Introducing Spanish in the Primary

By Lauren Hodges

Maria Montessori created a strong foundation for primary education based upon the notion that children from infancy through the age six have absorbent minds. In early childhood, a child learns through real hands on experiences. Children during this time of development have a sensitive period for the acquisition of language. They take in the totality of their environment; each sound is associated with a concept which supports the internal development of spoken language. Considering the idea that Montessori education promotes global citizenship, early childhood is the best possible time to expose children to second languages as they are easily able to grasp new concepts within their sensitive period for language.

As Dr. Montessori pointed out, while learning a second language can be difficult for adults who have outgrown the sensitive period for language, young children can quickly acquire fluency with accurate pronunciation and intonation due to the language sensitivity of their absorbent minds. Singing Spanish songs and playing movement games in Spanish regularly in the Casa (Primary class) promotes confidence within the children to comprehend and associate the actions with new vocabulary. At this age children naturally learn through movement and, therefore, playing games at home that support basic Spanish vocabulary such as identifying colors, numbers, etc. can exponentially support your child’s expanding proficiency in acquiring a second language.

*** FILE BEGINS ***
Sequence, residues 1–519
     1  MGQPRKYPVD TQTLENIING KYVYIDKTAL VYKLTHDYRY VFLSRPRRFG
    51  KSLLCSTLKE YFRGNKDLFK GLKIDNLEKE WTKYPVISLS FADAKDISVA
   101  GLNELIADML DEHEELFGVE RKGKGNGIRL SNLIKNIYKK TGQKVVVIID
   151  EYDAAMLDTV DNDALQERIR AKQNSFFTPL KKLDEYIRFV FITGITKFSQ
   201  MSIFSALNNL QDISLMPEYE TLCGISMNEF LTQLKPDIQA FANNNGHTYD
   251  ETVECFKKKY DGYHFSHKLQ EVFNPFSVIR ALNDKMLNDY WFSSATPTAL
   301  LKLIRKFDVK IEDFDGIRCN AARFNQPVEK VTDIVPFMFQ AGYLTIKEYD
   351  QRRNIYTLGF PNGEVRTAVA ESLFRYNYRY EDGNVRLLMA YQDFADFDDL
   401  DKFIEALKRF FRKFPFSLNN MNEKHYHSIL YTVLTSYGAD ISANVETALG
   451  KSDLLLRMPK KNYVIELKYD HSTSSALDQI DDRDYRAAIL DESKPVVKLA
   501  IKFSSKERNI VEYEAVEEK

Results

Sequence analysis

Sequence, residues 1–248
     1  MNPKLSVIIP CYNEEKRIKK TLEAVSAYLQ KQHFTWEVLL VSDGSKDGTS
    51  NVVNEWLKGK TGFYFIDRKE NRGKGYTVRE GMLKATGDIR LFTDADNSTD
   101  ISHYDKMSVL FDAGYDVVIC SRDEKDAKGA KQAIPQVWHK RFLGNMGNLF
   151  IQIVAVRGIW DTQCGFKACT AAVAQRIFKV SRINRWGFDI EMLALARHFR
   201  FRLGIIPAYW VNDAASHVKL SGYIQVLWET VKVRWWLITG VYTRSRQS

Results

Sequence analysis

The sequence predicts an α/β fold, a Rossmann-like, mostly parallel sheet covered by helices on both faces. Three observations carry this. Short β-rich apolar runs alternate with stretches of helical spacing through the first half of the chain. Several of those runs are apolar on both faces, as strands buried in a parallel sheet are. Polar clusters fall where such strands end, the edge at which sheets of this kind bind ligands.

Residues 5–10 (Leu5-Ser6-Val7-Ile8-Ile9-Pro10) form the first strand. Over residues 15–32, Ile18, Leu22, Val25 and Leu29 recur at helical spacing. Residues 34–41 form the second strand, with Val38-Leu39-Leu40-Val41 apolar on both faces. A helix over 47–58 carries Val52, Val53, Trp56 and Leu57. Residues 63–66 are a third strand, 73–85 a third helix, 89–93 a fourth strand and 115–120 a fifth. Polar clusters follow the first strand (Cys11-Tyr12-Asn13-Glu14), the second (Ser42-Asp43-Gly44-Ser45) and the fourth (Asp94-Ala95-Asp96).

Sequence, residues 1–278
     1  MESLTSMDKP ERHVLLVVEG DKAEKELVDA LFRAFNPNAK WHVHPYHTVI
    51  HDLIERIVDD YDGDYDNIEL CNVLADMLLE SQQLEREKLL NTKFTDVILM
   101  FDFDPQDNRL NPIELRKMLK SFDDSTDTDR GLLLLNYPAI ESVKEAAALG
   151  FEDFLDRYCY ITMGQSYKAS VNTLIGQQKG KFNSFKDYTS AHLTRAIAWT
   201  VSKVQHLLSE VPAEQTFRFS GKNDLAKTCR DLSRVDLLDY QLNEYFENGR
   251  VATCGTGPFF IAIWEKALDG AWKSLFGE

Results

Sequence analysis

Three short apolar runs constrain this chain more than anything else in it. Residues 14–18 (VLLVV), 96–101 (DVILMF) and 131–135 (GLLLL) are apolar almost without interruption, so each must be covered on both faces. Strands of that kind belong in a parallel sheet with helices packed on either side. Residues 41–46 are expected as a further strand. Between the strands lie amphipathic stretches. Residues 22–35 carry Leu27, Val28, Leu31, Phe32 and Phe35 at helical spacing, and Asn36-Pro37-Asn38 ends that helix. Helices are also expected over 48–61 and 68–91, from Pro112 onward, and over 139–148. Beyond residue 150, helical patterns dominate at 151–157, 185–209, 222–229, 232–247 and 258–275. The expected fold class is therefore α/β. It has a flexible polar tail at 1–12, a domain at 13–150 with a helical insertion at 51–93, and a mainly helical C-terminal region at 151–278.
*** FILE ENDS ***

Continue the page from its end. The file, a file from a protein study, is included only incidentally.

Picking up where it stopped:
The study of language is an essential feature during the first few years of a child’s education. During this time, the home environment and classroom becomes an integral part of your child’s language learning. Early childhood is an optimal time to expose your child to a second language as well as supporting an expanded awareness of the global population. In the Montessori classroom we offer puzzle maps and geography folders that are associated with each continent. From the very beginning children have the opportunity to learn the names of each country. The journey through the three year cycle offers young children a global outlook on the world and a deeper level of understanding that we are all truly connected. In this precious time of learning and growth your child is becoming a compassionate and peaceful pioneer and leader of the future.

“Education should no longer be mostly imparting knowledge, but must take a new path, seeking the release of human potentials.” Maria Montessori

Comments are closed.